As a means to promote the Emirati heritage and boost the country’s tourism, a number of UAE heritage sites aspire to be included amongst the Unesco World Heritage Site list which grants exceptional recognition to places with immense cultural and historical importance, one of which is Dubai Creek.
Come October this year, officials of Unesco will visit Dubai to review the city’s bid to list the Creek, also known as Khor Dubai The Traders’ Harbour, as a World Heritage Site.
Situated in one of Dubai’s oldest areas, Dubai Creek, a natural seawater inlet, is a vibrant part of the emirates strategic location. It has been a significant port for visitors and traders coming from the other side of the Gulf. Although its strategic role has diminished over time, the port is still being used by small traders to fish and pearl dive. It’s also still being used as a dock to unload goods, thus, giving tourists the idea of Dubai’s centuries old trading traditions.
In order to qualify for the title, the Creek needs to undergo a nomination process. According to UNESCO, sites nominated must be of “outstanding universal value”, having a unique testimony to a cultural tradition or civilization and holds an incomparable example of a type of architectural marvel. Unfortunately, last year, Dubai Creek failed to get the title because the site lacked information on its architecture and market. Today, stronger initiatives are being carried outto ensure its successful nomination.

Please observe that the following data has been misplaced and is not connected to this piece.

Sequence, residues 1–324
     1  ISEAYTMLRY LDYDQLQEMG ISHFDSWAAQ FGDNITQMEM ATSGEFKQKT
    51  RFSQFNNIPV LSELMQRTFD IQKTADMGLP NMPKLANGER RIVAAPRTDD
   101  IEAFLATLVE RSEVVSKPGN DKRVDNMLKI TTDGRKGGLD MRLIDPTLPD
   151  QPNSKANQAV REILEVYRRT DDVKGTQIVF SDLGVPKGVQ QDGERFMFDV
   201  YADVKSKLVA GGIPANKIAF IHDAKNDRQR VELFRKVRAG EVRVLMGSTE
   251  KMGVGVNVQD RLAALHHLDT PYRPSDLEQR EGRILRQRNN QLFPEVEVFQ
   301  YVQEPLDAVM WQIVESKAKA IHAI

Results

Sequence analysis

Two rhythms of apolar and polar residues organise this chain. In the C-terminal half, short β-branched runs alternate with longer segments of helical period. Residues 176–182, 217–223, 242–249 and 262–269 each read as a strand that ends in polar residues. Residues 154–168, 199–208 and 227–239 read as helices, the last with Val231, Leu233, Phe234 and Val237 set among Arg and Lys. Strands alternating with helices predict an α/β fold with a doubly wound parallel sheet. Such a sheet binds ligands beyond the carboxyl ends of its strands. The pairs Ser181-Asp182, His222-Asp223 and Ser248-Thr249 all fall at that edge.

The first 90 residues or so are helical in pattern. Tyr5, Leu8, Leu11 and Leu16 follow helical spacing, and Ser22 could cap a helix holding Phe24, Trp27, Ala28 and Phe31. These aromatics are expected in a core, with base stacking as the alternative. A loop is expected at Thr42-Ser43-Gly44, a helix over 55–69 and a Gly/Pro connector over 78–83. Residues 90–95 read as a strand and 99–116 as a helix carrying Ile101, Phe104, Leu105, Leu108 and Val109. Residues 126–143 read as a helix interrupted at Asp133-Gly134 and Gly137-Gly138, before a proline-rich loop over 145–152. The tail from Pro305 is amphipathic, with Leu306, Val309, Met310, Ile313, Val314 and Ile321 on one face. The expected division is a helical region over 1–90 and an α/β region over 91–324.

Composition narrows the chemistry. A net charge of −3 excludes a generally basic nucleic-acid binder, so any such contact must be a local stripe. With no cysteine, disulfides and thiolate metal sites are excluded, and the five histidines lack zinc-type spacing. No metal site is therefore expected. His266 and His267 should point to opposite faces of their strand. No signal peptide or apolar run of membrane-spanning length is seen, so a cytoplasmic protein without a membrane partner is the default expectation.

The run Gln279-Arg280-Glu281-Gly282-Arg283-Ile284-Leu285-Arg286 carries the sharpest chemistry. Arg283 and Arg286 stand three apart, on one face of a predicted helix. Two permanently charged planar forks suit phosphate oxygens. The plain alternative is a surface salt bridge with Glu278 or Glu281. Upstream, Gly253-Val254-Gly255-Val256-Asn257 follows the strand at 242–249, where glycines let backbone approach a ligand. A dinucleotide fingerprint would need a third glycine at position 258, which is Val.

According to reports, five more heritage sites in the UAE, including Ed-Dur, Cultural Landscape of the Central Region in Sharjah, Settlement and Cemetery of Umm an-Nar Island, Sir Bu Nair Island, Al Badiya Mosque in Fujairah are aspiring to be given the title.
Architectural Heritage and Antiquities Department CEO, Rashad Bukhash is confident Dubai Creek will receive the coveted title.
A decision will be announced on June 2017.
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